The Montreal Canadiens are bringing back another familiar face to the organization while adding a couple of French-speaking former NHL players to the front office.
Patrice Brisebois, who often drew the ire of fans during his 16 seasons patrolling the Canadiens blue-line, has joined the team as player development coach.
Martin Lapointe, a right-winger for four teams over 14 years in the NHL, returns to his native Quebec as the Canadiens’ director of player development.
"The credibility of the men we hired was as important (as the language they speak)," Canadiens general manager Marc Bergevin said at the team's suburban training centre, where the first day of summer rookie camp was underway.
"With their backgrounds, I can answer to any concerns anyone may have about them. I wanted good people who are qualified for the jobs they will do and I feel I reached that goal."
Lapointe, who most recently worked in the Chicago Blackhawks organization as a pro scout, said his role in Montreal will be "to support the younger prospects, especially in junior, to help them get ready for pro hockey and to be a liaison between them and the Canadiens."
During his playing days, Lapointe skated for the Blackhawks, Detroit Red Wings, Boston Bruins and Ottawa Senators.
Drafted 10th overall by Detroit in 1991, he made his NHL debut in the 1991-92 season and later scored the 1998 Stanley Cup-winning goal in Game 4.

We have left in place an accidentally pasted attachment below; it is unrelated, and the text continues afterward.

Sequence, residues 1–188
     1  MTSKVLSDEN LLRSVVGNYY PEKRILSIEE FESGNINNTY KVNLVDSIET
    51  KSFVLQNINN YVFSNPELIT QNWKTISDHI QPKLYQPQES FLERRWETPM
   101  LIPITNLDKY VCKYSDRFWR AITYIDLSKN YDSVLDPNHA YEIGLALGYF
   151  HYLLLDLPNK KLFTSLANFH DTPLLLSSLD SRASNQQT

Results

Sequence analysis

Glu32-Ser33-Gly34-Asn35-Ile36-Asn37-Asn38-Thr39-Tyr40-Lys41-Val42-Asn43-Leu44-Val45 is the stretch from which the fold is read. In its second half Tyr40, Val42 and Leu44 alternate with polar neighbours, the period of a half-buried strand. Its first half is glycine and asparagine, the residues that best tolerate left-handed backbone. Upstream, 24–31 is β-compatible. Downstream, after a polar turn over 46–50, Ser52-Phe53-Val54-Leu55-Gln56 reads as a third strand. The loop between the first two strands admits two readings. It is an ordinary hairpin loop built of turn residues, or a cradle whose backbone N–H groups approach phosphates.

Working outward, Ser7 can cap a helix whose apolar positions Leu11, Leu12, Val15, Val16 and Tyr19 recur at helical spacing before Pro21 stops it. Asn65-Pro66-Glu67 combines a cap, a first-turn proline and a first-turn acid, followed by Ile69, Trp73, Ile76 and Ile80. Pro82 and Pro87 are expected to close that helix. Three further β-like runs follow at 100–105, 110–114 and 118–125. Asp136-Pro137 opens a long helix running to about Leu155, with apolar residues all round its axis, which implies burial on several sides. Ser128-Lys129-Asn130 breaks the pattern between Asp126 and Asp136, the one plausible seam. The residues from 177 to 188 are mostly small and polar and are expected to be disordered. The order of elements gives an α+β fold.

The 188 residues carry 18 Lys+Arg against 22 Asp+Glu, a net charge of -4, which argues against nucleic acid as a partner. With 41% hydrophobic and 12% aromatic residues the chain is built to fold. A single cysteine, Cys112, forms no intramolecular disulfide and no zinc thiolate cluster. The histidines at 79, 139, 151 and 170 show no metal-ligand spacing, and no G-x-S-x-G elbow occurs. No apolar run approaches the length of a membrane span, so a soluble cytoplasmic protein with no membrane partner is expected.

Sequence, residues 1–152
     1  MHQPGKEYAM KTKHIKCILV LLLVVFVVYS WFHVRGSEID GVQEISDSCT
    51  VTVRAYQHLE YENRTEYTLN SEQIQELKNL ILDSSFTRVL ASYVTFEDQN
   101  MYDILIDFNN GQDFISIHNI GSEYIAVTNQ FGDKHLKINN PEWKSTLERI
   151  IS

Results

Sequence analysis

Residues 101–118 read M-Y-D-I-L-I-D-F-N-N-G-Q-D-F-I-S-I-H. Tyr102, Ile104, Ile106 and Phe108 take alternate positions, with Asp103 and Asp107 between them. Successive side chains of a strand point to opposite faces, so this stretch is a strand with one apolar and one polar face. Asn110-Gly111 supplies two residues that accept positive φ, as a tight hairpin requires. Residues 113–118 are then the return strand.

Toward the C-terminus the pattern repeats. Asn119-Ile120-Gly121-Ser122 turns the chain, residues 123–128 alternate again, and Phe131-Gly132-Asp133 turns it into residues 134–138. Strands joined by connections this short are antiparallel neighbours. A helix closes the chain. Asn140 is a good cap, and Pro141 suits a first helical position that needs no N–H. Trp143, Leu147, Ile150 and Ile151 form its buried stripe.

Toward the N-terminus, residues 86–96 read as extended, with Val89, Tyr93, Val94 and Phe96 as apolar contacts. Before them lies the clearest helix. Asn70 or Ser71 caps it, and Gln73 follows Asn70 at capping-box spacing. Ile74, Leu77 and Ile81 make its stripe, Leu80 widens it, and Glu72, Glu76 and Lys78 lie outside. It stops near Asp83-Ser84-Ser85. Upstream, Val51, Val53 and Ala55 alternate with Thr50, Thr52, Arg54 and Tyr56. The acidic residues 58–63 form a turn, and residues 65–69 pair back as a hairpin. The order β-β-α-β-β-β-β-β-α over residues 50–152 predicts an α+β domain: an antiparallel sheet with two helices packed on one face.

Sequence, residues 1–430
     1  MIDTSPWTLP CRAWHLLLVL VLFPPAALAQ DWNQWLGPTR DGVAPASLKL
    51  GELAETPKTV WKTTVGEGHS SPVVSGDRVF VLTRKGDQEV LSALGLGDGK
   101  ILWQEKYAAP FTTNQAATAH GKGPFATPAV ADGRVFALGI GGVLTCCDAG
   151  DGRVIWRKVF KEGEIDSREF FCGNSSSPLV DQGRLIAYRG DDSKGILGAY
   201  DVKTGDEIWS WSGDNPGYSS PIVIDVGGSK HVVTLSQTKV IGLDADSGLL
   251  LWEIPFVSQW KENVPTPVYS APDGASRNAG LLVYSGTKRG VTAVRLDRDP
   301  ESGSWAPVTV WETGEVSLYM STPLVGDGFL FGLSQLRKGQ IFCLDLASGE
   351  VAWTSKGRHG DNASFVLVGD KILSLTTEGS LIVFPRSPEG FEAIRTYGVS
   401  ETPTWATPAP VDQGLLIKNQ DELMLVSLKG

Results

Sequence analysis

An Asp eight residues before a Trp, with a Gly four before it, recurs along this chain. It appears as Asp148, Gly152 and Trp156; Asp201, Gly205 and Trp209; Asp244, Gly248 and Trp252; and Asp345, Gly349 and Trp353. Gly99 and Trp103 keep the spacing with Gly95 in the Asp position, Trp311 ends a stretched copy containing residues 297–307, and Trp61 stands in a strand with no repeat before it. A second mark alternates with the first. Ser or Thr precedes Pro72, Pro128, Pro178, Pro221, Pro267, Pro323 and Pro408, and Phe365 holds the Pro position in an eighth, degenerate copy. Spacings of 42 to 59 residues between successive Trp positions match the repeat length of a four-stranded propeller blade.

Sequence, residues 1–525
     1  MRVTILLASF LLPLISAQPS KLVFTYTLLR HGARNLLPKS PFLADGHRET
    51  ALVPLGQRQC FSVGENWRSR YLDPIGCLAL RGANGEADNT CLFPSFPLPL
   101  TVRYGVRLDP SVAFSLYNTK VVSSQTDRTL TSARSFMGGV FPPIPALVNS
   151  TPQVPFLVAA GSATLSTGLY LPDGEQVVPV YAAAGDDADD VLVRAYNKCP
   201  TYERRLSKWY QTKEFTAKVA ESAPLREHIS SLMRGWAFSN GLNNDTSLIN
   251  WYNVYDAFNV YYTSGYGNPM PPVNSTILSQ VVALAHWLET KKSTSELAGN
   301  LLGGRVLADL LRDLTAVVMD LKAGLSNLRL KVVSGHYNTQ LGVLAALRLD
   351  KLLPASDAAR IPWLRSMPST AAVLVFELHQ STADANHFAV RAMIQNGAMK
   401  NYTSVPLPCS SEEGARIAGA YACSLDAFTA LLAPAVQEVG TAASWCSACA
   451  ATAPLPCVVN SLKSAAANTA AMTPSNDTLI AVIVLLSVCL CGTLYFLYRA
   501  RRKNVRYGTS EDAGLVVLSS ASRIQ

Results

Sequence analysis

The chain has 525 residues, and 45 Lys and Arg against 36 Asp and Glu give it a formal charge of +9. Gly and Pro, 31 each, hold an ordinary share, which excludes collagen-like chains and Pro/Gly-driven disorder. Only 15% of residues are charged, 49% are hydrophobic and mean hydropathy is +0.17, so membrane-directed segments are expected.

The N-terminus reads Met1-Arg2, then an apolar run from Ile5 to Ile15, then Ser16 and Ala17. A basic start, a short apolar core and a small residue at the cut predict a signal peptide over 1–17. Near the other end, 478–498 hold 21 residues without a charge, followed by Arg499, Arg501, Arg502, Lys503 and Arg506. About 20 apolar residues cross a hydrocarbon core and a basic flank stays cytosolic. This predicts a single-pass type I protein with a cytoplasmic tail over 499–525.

Lapointe, 38, suited up for 998 NHL games, collecting 381 points on 181 goals an 200 assists.
Prior to joining the NHL, the father of four won an American Hockey League (Calder Cup) championship in 1992 with Adirondack and represented Canada at three world junior championships.
"I remember my first [NHL] training camp, no one talked to me, not even the coaches," Lapointe recalled. "Patrice and I will be with the young players, to help them, share our experiences with them and try to make the transition easier."
Brisebois, 41, ranks third all-time among Canadiens defencemen and 11th overall on the team for games played at 1,009, trailing only Larry Robinson and Serge Savard.
He finished his NHL career with 98 goals an 322 assists for 420 points in the regular season. He played in 98 playoff games, totalling 32 points and won a Stanley Cup with Montreal in 1993.
Bergevin said he sees Brisebois's had up-and-down relationship with fans over the years as a plus in his new role.
"It was important to me to have someone who could share his experiences of the different situations that can arise," said Bergevin. "Someone who can explain what he went through in the good and bad times, and how to deal with that."
A chronic back injury led to the end of Brisebois's playing days in 2009 with Montreal. He spent two campaigns with Colorado from 2005 to 2007.
Brisebois, who is married with two daughters, was named top defenceman in the Canadian Hockey League as a junior player in 1991.
Internationally, he is one of few players to play for Canada twice at the world juniors, winning in 1990 and '91.
Brisebois and Lapointe are the latest in a series of changes in Montreal. In early May, the Canadiens named one-time NHL defenceman Bergevin as their GM.
Last month, Rick Dudley was named his assistant after one season with the Toronto Maple Leafs as director of player personnel and a week ago Michel Therrien was brought aboard as head coach and Scott Mellanby as director of player personnel.